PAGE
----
Planning the Unthinkable

Planning the Unthinkable

How New Powers Will Use Nuclear, Biological, and Chemical Weapons
Edited by Peter R. Lavoy, Scott D. Sagan, James J. Wirtz
The proliferation of chemical, biological, and nuclear weapons is now the single most serious security concern for governments around the world. Peter R. Lavoy, Scott D. Sagan, and James J. Wirtz compare how military threats, strategic cultures, and organizations shape the way leaders intend to employ these armaments. They reveal the many frightening ways that emerging military powers and terrorist groups are planning the unthinkable by preparing to use chemical, biological, or nuclear weapons in future conflicts. Distinguished specialists consider several states and organizations that have this weaponry: Iraq, Iran, India, Pakistan, North Korea, and Israel, as well as the Aum Shinrikyo cult. The contributors expose plans for using unconventional weapons, highlighting the revolutionary effects these arsenals might have on international politics and regional disputes.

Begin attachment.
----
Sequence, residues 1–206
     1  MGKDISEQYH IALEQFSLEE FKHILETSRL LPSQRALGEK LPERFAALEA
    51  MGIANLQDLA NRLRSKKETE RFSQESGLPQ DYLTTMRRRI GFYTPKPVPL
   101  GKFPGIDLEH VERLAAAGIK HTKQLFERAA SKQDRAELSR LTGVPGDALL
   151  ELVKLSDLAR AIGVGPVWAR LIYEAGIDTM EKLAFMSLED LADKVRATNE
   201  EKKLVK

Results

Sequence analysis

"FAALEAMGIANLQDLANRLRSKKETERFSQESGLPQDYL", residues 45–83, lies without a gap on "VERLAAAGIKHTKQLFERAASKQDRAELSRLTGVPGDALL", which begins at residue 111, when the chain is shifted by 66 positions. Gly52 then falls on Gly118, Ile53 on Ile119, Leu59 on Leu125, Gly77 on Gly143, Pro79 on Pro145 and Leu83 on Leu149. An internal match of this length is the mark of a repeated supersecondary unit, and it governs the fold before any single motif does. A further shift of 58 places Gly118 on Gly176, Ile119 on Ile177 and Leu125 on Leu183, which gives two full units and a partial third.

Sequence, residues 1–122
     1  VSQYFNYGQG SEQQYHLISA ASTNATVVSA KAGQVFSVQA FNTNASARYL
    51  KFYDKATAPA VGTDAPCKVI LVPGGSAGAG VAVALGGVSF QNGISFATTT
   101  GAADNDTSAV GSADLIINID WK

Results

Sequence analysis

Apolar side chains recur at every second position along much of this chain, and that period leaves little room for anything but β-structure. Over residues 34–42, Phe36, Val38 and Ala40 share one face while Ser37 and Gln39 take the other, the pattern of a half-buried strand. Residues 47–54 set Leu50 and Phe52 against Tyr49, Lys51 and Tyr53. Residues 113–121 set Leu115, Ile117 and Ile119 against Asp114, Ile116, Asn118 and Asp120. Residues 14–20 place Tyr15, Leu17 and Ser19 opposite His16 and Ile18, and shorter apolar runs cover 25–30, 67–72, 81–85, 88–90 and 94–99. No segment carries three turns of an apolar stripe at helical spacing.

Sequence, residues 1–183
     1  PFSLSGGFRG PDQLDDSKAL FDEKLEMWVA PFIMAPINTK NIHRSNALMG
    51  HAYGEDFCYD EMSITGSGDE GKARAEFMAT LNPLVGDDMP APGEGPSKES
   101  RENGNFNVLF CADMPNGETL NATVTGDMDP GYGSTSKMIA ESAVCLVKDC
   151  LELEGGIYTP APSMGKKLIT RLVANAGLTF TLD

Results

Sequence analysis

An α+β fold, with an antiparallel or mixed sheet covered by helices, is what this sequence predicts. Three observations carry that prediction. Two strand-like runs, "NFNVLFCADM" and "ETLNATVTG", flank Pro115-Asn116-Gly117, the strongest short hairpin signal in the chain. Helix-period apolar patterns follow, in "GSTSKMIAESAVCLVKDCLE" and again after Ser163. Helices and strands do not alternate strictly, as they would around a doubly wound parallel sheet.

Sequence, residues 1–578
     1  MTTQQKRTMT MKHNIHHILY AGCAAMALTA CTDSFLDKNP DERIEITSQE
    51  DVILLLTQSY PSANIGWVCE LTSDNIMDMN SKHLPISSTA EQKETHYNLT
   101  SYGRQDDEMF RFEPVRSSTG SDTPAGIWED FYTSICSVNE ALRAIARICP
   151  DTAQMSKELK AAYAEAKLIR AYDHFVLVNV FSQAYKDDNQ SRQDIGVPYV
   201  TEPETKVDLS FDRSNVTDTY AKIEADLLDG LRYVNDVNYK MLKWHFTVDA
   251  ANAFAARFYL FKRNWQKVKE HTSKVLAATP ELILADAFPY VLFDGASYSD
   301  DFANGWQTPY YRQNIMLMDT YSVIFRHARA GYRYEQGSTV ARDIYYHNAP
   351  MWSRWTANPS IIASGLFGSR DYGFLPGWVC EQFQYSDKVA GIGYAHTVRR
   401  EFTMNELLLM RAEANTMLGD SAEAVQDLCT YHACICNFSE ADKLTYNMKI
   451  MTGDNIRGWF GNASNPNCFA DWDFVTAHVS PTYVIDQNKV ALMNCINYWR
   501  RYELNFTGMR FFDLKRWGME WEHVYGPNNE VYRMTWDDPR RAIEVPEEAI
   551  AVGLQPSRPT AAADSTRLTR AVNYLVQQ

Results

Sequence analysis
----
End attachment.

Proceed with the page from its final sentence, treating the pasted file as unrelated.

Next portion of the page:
James J. Wirtz



The Tet Offensive
Intelligence Failure in War
James J. Wirtz
Wirtz explains why U.S. forces were surprised by the North Vietnamese Tet Offensive in 1968.








Also of interest

Regime Shift
Comparative Dynamics of the Japanese Political Economy
T. J. Pempel

Series

Cornell Studies in Security Affairs

Subjects

Political Science : Political Science / Comparative Politics
Political Science : Political Science / Security Studies

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